We’re using the 1700X for this, since all of those tests were conducted most recently and were conducted on 2933MHz base. Note that we don’t particularly recommend the 1700X, given the deal that is the R7 1700 by comparison when overclocking, but we’re using it because it’ll allow for the most linear presentation of data.
Synthetics w/ MemOC
R7 1700X + 3466MHz Overclock – Metro: Last Light
Starting again with Metro: Last Light, the 3466MHz 1700X with stock clocks sees a performance bump from 123FPS to 125FPS AVG, with lows effectively identical around 80FPS 1% and around 51FPS 0.1%. That’s an improvement of about 1.6% by going from 2933MHz to 3466MHz with the Windows update and EFI update included.
Looking next to overclocking, we see the 1700X at 3.9GHz with 3466MHz memory is placing at around 129FPS AVG, or roughly 1.9% ahead of the 1700X at 3.9GHz with 2933MHz memory. Compared to the original results, which had b693 and 2933MHz memory on the 3.9GHz OC, we have moved up about 2.4% from 125.7FPS AVG to 128.7FPS AVG.
We might as well add these in to the original tables. Note that the Intel series and the 1800X haven’t been retested with the new updates, so anything which impacts Ryzen could theoretically also impact Intel (on the Windows or game update side). The same goes for memory: We haven’t done a memory OC effort on KBL yet, which would be necessary to better determine the max potential of each platform.
On this table, we’re seeing our best 1700X line-item with a core 3.9GHz OC and 3466MHz CL14 memory OC landing around where the original review’s R7 1700 4GHz OC with SMT off landed. We are below the i7-4790K stock CPU, which sits at 136.7FPS AVG with the 1% worst frametimes converting to an FPS of 101, and .1% worst to 94FPS. The 7700K modern flagship is at 146FPS AVG with 104 and 95FPS 1% and 0.1% lows representing the frametimes. The 1700X with its memory and core overclocks runs 88FPS 1% low and 56FPS 0.1% lows. Disabling SMT, as illustrated by previous tests, improves the frametimes in this particular title.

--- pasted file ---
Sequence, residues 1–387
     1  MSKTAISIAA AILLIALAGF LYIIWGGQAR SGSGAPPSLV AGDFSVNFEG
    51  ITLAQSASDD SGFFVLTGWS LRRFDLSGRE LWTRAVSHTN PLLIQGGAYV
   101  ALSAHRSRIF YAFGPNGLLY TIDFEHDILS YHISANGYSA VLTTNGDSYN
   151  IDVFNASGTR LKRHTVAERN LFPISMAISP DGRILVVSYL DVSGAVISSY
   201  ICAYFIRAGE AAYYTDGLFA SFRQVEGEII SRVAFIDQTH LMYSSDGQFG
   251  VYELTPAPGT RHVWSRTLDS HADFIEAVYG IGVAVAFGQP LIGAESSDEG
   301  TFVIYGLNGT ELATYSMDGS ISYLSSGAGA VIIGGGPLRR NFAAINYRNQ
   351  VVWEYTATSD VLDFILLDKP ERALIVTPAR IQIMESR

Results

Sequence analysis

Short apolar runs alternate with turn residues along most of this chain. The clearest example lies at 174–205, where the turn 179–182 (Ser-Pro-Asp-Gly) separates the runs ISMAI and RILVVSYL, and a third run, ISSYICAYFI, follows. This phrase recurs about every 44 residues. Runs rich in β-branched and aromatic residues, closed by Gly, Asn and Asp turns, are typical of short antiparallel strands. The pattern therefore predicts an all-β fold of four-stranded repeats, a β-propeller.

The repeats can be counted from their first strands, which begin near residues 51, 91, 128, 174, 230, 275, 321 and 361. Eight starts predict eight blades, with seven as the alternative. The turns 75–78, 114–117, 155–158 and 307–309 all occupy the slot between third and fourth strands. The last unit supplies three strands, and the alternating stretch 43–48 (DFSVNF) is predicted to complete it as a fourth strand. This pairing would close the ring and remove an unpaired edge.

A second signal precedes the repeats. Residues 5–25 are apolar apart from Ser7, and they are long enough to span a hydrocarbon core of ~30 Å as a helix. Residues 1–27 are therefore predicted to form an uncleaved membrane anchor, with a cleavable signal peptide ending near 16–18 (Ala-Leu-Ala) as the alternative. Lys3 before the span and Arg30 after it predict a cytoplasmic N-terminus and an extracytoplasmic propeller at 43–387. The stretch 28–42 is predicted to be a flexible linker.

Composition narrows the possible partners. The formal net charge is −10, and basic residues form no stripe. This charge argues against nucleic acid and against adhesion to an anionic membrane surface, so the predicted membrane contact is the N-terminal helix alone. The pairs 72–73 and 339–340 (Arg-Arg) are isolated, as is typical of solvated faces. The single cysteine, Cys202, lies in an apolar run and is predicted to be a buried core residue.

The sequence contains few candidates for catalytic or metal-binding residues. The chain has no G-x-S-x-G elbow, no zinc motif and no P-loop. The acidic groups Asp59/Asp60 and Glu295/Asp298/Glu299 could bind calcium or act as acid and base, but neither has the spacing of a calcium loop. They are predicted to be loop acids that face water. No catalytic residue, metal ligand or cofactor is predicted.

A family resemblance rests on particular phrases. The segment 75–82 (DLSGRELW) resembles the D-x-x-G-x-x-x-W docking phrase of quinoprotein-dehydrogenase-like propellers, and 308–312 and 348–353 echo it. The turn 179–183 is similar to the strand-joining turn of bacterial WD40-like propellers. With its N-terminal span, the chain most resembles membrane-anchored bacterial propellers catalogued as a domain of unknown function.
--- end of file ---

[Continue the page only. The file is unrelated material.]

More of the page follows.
R7 1700X + 3466MHz Overclock – GTA V
Back to GTA V for the next one. Here, we’re seeing our 1700X at 3.9GHz with 3466MHz CL14 memory performing at around 135FPS AVG, with an improvement in frametimes over base. The 1700X at 3.9GHz with 2933MHz CL16 is at around 128FPS AVG, showing an improvement of about 5.7% by overclocking the memory to 3466MHz. If we kill the core OC and just run the memory OC, we’re roughly at the same place: 127FPS AVG with lows around 80. Versus a stock 1700X with 2933MHz memory, the 3.9GHz version with 3466MHz memory improves performance by about 11%. Again, that’s by overclocking memory and core.
To compare to a simplified stack, that puts the 135FPS 1700X above the 1800X when it was overclocked with b693 and SMT0, or the 1800X’s best case. It is also below the i7-4790K in averages and frametimes, which leads by about 4.4% average.
The overclocked i7-7700K is next to be compared to the overclocked 1700X. The 7700K is similar in price to the 1700 and, for pure gaming builds, should be alongside the 1700 for head-to-head options. Keep in mind that the 1700 can support the same overclock and memory overclock as our compared 1700X, chance notwithstanding, which means performance is identical at the same clocks. The 7700K overclocked is at 151FPS AVG with 101 and 93FPS lows. The 7700K still holds a performance lead of about 11.9%, which is down from its previous performance lead of 18.9%. That said, we have not yet retested the 7700K with build 970 of Windows 10 or with memory overclocking of its own. The 7700K here is at 3200MHz CL16.
R7 1700X + 3466MHz Overclock – Watch Dogs 2
In Watch Dogs 2, the 1700X overclocked to 3466MHz CL14 with its stock CPU speed places at 100FPS AVG, lows in the 70s and 60s. Versus the 1700X stock with 2933MHz memory, this is a significant improvement of 19%. So far, all of our improvements in this same comparison have been in single digit percentages, making Watch Dogs 2 a bit of an interesting title. We also know that Watch Dogs 2 is particularly thread intensive, unlike the others, and so could be causing some sort of cross-CCX traffic that benefits from the faster memory.